Tri-states rated among worst in family homelessness report

Tri-states rated among worst in family homelessness report

January 7th, 2012 by Yolanda Putman in News

Heather Hanegan helps her daughter, Alayna, 3, across the monkey bars Friday afternoon at the Interfaith Homeless Network of Greater Chattanooga facility. Hanegan and her four children have been homeless for 14 months.

Photo by Ashlee Culverhouse /Times Free Press.


The Chattanooga Homeless Coalition's next Point-In-Time Count of the homeless is scheduled for Jan. 26.


Read "America's Youngest Outcasts"


• 1.6 million American children are homeless.

• 1,000 children attending public schools in the Chattanooga area are homeless.

• 19,775 children in Tennessee are homeless.

Source: Chattanooga Community Kitchen, National Center on Family Homelessness

Bottom-ranked states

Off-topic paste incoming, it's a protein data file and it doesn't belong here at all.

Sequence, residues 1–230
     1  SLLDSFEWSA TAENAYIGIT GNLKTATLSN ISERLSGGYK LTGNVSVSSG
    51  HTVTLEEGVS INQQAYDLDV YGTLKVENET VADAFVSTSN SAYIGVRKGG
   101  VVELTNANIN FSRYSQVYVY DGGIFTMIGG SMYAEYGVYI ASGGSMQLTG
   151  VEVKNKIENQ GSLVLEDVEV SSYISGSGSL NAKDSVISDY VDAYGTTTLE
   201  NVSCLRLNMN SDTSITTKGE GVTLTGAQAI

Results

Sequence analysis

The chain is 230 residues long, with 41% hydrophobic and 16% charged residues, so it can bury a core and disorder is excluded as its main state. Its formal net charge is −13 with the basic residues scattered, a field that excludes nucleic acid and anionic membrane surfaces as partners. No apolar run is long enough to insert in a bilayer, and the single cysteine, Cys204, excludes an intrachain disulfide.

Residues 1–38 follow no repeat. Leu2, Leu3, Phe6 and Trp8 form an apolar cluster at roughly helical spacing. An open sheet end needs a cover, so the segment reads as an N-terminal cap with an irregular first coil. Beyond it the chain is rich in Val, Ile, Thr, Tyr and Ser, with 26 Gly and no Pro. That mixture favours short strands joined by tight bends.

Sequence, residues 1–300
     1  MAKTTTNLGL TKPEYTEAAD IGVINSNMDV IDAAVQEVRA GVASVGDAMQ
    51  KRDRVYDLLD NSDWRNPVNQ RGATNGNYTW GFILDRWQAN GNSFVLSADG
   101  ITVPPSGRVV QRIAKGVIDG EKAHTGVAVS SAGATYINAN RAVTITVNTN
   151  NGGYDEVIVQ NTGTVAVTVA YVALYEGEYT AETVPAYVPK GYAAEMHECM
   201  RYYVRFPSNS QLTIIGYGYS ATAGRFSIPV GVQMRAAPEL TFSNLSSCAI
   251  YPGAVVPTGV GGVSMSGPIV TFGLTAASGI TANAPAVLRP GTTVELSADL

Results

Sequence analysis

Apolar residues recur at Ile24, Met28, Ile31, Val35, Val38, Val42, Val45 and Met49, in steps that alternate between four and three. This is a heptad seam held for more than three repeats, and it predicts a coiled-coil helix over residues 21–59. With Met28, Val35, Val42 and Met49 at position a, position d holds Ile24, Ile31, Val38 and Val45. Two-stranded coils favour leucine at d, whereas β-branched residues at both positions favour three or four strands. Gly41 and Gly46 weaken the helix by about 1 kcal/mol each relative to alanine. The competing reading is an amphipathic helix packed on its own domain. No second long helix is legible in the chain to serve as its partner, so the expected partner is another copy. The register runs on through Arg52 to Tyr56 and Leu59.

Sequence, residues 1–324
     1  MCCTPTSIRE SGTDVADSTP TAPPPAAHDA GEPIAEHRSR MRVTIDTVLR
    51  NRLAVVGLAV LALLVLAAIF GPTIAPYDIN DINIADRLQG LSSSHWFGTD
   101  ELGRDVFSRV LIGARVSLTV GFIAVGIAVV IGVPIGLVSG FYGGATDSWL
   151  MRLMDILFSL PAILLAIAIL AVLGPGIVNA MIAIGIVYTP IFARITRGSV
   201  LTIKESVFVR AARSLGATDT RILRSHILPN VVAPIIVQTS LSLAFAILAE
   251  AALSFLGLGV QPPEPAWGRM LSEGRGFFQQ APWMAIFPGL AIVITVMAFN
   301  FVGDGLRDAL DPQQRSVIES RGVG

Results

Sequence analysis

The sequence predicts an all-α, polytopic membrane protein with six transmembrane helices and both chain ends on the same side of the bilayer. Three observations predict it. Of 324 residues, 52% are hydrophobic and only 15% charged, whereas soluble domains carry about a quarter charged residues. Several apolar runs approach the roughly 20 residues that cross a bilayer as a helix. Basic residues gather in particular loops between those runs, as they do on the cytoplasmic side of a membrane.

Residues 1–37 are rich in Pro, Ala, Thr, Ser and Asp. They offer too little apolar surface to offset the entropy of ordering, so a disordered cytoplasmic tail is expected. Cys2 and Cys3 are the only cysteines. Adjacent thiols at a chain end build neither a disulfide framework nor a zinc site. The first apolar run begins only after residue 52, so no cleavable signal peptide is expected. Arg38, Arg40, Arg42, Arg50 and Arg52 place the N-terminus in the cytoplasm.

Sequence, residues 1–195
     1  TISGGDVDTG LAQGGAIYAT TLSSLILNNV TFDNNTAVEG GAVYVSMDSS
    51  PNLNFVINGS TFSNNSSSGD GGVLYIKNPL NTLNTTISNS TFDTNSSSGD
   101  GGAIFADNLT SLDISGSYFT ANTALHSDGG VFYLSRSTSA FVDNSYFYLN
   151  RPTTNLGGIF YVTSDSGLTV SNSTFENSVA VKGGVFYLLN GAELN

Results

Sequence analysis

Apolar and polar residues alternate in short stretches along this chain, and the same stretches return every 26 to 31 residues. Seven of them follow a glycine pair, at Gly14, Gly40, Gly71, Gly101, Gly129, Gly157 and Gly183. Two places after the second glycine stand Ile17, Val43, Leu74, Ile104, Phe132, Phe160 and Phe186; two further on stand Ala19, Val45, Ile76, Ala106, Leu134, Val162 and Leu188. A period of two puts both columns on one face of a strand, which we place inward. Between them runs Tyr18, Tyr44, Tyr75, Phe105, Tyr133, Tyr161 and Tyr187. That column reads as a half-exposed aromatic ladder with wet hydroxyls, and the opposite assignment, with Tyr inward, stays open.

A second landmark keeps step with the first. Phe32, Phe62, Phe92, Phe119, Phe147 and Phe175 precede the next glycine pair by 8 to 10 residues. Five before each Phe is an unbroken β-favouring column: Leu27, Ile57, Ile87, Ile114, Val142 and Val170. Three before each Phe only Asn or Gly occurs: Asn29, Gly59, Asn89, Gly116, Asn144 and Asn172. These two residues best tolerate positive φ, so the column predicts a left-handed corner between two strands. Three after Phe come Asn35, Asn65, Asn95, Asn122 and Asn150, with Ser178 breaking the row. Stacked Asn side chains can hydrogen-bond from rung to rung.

1. Tennessee
  2. Oklahoma
  3. Georgia
  4. Florida
  5. Nevada
  6. Louisiana
  7. New Mexico
  8. California
  9. Arizona
  10. Arkansas
  11. Mississippi
  12. Alabama

Top-ranked states

  1. Vermont
  2. Minnesota
  3. Nebraska
  4. North Dakota
  5. Maine
  6. New Hampshire
  7. New Jersey
  8. Massachusetts
  9. Montana
  10. Iowa
  11. Pennsylvania

Source: National Center on Family Homelessness

Interfaith Homeless Network case manager Linda Smith said she gets at least 100 calls a month from families with children on the brink of homelessness.

"I've had clients break down crying in the office because they don't know how they're going to make it with their kids, how they're going to eat or where they're going to sleep," she said.

A new report from the National Center on Family Homelessness counts Tennessee and Georgia in the top 15 for percentage of homeless children, and Alabama as worst in the nation.

"America's Youngest Outcasts 2010" states that more than 1.6 million children, or one in 45, are homeless annually in America. Child homelessness grew 38 percent from 2007 to 2010.